Angel in white

It wasn’t until a few days later, when the whole ordeal was over, that I read the fine print on my ticket:

“Seating is first-come, first-served. In case of insufficient seating capacity, passengers will be placed on succeeding schedules that have available seats.”

Such a nice, polite, legalistic way to explain the hell I went through in the Greyhound bus terminal in Raleigh, North Carolina.

I’d gotten on the bus in New Bern, at a scary convenience store and gas station situated on the edge of town. There’s something odd about where they situate these Greyhound stops — so far out of town that you have to have a car to reach them. But people who have cars don’t need Greyhound.

After an hour of waiting at the gas station, the bus itself was pleasant. It was a new one, clean, with fake leather seats, power outlets for charging electronics, and — Hallelujah! — wi-fi. Fewer than half the seats were occupied, so we each had two seats to ourselves. I thought to myself, I can handle 20 hours of this.

About an hour down the road, a man got on at Goldsboro and sat just across from me. He was a slender black man with very short and graying hair, and he was dressed in a curious outfit of all white — white pants, white button-down shirt, white sneakers. His luggage consisted of only a small white trash bag.

For the next hour, I occupied myself with my computer and phone or watched out the window. Across the aisle, my neighbor pulled a small booklet out of his pocket and read some pages, then put it aside and watched out the window, too.

When the bus arrived in Raleigh, I got off with my carry-on luggage — a heavy backpack and a canvas tote full of snacks and water. I retrieved my giant purple suitcase from under the bus and went inside to wait about 30 minutes for my next bus.

I took my time, went to the bathroom, sat and drank some orange juice. When I heard an announcement about my bus, I made my way to Door A in a leisurely fashion, about 15 minutes before its departure. There were four people who had formed a line ahead of me.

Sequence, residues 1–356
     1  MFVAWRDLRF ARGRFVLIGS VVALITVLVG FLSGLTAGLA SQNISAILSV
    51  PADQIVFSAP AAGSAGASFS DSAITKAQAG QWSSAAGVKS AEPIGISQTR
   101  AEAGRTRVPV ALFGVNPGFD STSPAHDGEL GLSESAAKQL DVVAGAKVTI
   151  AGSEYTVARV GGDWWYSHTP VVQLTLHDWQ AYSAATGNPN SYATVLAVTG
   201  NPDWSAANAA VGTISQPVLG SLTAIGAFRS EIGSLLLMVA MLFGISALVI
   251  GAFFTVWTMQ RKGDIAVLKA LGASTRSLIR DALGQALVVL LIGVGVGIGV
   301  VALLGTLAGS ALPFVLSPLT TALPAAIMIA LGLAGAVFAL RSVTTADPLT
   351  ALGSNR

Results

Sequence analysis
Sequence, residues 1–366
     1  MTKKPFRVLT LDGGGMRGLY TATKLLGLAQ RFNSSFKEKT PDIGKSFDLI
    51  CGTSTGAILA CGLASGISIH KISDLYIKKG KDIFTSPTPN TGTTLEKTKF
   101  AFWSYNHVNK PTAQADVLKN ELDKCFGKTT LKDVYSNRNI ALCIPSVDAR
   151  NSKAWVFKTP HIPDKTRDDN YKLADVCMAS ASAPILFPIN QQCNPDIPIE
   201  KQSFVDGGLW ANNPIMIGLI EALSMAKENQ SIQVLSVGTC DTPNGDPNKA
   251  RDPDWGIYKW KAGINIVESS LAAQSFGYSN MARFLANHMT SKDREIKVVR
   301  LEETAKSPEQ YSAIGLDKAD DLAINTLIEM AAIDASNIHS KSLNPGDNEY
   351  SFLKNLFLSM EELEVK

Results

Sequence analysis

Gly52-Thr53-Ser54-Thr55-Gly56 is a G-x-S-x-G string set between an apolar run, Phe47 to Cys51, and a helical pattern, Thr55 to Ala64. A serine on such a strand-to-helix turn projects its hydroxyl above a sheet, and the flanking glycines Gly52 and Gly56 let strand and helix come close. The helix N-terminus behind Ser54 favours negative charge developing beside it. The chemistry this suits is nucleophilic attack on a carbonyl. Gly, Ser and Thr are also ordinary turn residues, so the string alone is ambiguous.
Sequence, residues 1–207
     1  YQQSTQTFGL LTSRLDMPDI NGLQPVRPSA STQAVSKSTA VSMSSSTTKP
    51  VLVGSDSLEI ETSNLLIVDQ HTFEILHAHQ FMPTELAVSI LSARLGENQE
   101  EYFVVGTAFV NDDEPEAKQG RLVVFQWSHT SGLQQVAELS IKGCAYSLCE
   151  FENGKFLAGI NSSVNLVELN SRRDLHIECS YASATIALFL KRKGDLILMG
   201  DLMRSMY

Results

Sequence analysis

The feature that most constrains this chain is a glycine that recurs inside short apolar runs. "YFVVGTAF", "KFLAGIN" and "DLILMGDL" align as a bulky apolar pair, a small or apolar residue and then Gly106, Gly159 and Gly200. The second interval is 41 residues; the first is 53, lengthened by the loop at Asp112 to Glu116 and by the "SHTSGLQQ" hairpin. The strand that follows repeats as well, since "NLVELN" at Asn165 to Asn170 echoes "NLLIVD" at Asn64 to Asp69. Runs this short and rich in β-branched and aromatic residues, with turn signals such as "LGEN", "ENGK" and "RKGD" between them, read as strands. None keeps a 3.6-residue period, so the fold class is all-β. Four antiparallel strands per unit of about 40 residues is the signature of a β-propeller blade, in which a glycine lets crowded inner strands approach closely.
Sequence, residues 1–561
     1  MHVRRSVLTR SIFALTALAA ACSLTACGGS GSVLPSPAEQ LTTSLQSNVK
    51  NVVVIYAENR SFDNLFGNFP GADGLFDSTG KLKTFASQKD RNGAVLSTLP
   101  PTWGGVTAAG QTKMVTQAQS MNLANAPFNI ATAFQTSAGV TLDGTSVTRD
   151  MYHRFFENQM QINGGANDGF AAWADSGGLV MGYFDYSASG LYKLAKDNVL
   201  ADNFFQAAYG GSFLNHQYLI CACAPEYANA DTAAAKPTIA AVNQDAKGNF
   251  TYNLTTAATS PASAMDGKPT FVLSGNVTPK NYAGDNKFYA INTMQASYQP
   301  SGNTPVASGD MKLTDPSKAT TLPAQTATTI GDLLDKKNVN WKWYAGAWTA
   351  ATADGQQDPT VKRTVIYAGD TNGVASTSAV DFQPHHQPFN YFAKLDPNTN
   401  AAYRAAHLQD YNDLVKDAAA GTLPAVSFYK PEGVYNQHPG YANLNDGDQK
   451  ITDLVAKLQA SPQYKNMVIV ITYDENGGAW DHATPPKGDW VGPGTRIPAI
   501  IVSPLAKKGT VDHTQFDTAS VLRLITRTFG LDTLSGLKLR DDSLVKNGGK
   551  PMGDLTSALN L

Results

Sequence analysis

What happened next was such a surprise that I experienced it with a sort of shocked detachment. This couldn’t really be happening to me, could it?

A man came to the door, checked the tickets of the first three people, and let them through. He said something I didn’t hear to the fourth person and then turned around.

The man he had spoken to suddenly went beserk, screaming expletives, grabbing the man’s shoulder, and threatening him. The gist of his outburst was, “You can’t keep me off this $@#%!! bus! I have to muster in at oh-seven-thirty in the morning! I serve my $@#%!! country for twenty-three $@#%!! years and this is what I get? You can’t do this, you $@#%!! $@#%!!!”

A woman came out, a station employee. She tried to make peace between the two men, which is when I realized that the one who was checking the tickets was the driver of my bus. He knew that he had three seats, so he let those people on. He was going to step aboard and check for two more seats before he let us on.

Instead, he shrugged. “I don’t have to take you,” he said, walking away. He got on the bus, started the engine, and then drove out of the bus terminal.

Leaving me, an innocent bystander, standing in silence behind an angry veteran who continued screaming and threatening violence. Everyone in the terminal was staring at us.

The woman looked at me sympathetically. “You’ll have to take the next bus at six am.” I stared at her, uncomprehending. It was eleven pm. Then I looked out the door, as if the bus driver was going to come back and say, “Sorry, I forgot that other lady.” He did not.

The station employee said, consolingly, “Don’t worry, I’ll make sure you get on the next one.” I walked slowly away, back to the seating area, in a daze. I was devastated and desperately wanted to cry, but I would have been embarrassed to do so.

It was 11:15 pm, and I was going to have to sit in this terminal for seven more hours. To make matters worse, while the bus had wi-fi and comfortable seating, the terminal had dreadful wire benches and no internet, except for the 10 minutes when a bus with wi-fi happened to be parked outside! To top it off, the room was ruled by a giant, rude television that blared crime shows at top volume.